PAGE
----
Hofstra Law School professor Ron Colombo calls the decision to decertify the NFL Players’ Association last week a “very risky” move, but one that could have a big payoff.
“It’s a risky gamble because the court might see this as a sham by the players,” he said on Monday. “Or it could be a stroke of brilliance.”
If the National Labor Relations Board decides to uphold decertification – the owners are making a case that it is a sham – and the players make it to their April 6 date for a preliminary injunction hearing in front of Federal Judge Susan Nelson, Colombo sees little chance that the owners will win.
“Under the ordinary rules of antitrust, to me, the owners are clearly violating the antitrust laws,” he said. “If you remove the fact that the players have a union, if you take that off the table … it looks like the players are correct that the owners are violating the antitrust law. Why? You can’t conspire to fix prices or wages. You have 32 teams. It’s as if Coke and Pepsi agreed to sell all cola at $3 a bottle.”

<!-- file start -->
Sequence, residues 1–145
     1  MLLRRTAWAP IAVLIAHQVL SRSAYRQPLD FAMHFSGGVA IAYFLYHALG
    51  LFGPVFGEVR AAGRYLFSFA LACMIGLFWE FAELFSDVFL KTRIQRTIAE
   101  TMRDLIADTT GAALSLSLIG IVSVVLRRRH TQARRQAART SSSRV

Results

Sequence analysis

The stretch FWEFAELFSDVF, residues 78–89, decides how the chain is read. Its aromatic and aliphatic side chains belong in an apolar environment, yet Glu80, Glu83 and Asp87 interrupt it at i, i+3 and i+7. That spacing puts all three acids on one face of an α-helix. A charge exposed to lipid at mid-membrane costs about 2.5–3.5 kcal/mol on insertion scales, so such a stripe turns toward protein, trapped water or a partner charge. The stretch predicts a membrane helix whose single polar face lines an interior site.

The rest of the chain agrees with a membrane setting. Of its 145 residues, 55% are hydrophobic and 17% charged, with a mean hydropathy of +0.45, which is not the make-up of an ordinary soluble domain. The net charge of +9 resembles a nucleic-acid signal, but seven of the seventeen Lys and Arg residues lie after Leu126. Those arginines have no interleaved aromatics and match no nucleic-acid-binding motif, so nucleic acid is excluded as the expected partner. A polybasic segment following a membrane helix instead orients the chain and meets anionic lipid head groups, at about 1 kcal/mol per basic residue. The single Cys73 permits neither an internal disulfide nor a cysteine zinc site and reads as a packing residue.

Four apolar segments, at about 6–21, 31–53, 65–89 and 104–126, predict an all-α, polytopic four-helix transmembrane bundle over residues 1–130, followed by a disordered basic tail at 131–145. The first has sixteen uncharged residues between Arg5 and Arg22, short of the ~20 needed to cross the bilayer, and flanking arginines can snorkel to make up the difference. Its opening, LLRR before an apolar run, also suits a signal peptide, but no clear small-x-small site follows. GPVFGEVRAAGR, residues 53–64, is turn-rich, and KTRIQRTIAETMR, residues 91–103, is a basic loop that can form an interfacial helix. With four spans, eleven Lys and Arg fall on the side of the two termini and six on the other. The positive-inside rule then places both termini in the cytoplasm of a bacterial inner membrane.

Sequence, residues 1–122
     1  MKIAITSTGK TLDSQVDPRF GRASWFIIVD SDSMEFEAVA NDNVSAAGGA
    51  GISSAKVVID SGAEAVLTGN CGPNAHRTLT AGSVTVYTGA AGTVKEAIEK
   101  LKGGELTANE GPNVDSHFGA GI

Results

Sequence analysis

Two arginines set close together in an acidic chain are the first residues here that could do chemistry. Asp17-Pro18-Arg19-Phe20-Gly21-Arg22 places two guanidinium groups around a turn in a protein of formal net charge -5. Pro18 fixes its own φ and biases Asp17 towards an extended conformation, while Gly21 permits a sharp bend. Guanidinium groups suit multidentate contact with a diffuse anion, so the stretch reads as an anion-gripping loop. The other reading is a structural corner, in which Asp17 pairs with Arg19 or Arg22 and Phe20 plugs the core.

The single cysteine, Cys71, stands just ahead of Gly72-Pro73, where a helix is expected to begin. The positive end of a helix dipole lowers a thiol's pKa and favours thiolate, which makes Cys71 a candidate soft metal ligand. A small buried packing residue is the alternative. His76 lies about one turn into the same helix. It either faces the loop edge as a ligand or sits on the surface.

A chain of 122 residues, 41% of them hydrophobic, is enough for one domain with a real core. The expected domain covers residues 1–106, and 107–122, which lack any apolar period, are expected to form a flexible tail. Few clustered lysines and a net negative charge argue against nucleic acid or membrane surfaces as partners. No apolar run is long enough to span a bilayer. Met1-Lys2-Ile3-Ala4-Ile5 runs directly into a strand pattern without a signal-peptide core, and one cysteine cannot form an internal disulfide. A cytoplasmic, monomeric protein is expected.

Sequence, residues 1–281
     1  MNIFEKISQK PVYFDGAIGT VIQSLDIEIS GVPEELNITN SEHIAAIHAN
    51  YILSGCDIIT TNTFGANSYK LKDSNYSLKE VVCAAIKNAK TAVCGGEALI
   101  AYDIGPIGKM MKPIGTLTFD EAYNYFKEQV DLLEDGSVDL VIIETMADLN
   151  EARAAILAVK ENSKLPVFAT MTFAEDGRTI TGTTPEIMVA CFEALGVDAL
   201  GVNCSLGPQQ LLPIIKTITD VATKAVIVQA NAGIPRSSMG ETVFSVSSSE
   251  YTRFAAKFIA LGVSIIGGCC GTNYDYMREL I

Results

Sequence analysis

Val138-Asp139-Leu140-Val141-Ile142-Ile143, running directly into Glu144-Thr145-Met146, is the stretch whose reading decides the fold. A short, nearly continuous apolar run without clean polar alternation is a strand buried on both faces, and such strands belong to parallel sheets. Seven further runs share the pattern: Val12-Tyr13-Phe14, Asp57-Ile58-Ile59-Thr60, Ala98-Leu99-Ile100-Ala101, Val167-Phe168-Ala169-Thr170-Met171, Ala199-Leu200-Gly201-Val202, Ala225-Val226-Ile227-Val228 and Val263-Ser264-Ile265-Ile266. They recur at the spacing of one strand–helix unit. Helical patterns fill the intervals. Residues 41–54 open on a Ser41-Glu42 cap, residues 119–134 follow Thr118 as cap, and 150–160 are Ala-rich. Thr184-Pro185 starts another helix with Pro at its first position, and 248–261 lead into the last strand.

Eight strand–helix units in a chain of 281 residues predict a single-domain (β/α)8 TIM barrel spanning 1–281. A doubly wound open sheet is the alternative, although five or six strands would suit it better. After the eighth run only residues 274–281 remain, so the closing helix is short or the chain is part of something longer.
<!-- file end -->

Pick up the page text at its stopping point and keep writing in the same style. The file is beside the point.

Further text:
Most antitrust cases deal with consumers against corporations, not employees like this one.
Colombo said that a ruling in the injunction hearing could tilt the tables in one direction over the other, forcing the sides to reconsider their bargaining positions.
“It’s like a high-stakes game of chicken right now and nobody knows who has the upper hand,” he said. “So when the court comes in and gives one of its first rulings, that gives a perfect example of where things are leaning. Then you realize that maybe their car is bigger than mine, maybe I ought to zig and let them go straight. You learn a lot in these early rulings and it makes you reconsider your negotiating position.
“Right now each side is all worked up, they think they have the best arguments, their lawyers are telling them they have the best arguments,” Colombo added. “You lose an argument or two in the court, it sort of chastens you, and it might put you in a more reasonable position. The downside is does it embolden the winning side to be less flexible.
“We’ll learn a lot after that hearing,” he said.